When Hall raised the question of overstaffed departments within the district, Board of Trustee member Nicholas Segura responded by stating that administration must “start with cuts at the top” if they are “going to ask for cuts at the bottom.” At the beginning of the workshop, multiple SUHSD teachers spoke about the fear that SUHSD staff members had of being let go. Later, when reviewing the positions removed for this budget cycle, however, Superintendent Karen Janney asked for it to be remembered that the district has focused on eliminating positions, and not people.

In addition to the possibility of cutting more positions, the board also mentioned the possibility of consolidating learning centers to reduce costs. After Segura questioned this potential change, Assistant Superintendent for Equity, Culture and Support Services Joe Fulcher, Ed.D. stated that his department wishes to keep learning center programs as close to their respective communities as possible, but also recognizes that the district is “in a unique situation.” Therefore, he stated, the Equity, Culture and Support Services department is “entertaining possible consolidation.”

Segura expanded on this possibility by suggesting that Learning Centers with lower enrollments could be combined, although he stated that he strongly supported and understood their importance and role in the lives of students.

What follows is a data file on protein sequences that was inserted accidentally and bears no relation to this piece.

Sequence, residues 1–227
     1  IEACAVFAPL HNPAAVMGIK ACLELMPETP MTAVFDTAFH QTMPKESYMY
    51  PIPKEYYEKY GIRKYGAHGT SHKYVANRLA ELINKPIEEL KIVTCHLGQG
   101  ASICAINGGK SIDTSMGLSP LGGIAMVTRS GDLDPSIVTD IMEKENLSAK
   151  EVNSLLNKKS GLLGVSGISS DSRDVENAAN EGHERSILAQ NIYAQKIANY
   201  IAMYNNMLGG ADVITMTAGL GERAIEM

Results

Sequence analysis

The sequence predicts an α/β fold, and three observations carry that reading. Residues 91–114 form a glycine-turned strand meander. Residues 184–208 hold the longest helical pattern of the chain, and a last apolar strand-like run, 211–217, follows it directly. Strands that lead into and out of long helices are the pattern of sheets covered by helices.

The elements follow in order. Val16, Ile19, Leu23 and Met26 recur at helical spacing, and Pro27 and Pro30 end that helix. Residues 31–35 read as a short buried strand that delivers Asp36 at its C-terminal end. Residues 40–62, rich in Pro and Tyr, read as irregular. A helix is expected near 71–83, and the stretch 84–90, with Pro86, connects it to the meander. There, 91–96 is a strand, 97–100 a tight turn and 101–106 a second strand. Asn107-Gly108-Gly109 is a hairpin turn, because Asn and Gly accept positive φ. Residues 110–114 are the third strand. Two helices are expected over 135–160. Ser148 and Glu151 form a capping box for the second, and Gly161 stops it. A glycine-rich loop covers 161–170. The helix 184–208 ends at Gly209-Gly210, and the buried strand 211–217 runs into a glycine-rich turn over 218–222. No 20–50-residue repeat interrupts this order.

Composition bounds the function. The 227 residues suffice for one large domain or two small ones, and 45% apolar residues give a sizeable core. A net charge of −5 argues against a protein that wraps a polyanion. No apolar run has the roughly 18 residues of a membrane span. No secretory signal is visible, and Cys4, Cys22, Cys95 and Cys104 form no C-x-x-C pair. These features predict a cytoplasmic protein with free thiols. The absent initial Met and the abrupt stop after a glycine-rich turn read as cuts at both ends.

During the workshop, the current use of three different online gradebook programs was highlighted, with an explanation from the Director of Information Technology and Enterprise Architecture David Delacalzada. While some teachers prefer Jupiter Grades, others use Canvas or Infinite Campus. For this school year, the district is paying 60 thousand dollars for Canvas and 62 thousand dollars for Jupiter Grades. According to Delacalzada, if Infinite Campus was eliminated, SUHSD would not receive any financial gain because of the fund that Infinite Campus is paid out of. 

“A decision is going to have to be made,” Delacalzada said in regards to changing the gradebook options within the district. However, according to Delacalzada, any change will cause a “ripple effect” throughout the SUHSD community. While financially, only paying for one online gradebook is the best option, there would be a loss of a knowledge base and a resistance to change if two of the three gradebook systems were to be eliminated. Delacalzada believes that it would be essential to have staff, parents and students understand the cause for the decision if any gradebook system was put out of use. Delacalzada wishes to ensure student interests are highlighted in this process and Janney also wants to get input from students and teachers throughout this course of action. 

As this meeting was only the first of two budget workshops scheduled in January, several subjects were only touched upon during the Jan. 13 meeting. For example, Segura referenced the way that the Assistant principal position is used in the San Diego Unified School District, where high schools have two assistant principals and middle schools have one, as a potential direction for SUHSD to move in. This inquiry may be added to the list that will be developed based on this workshop for the upcoming budget-planning meeting on Wednesday, Jan. 22, 2020.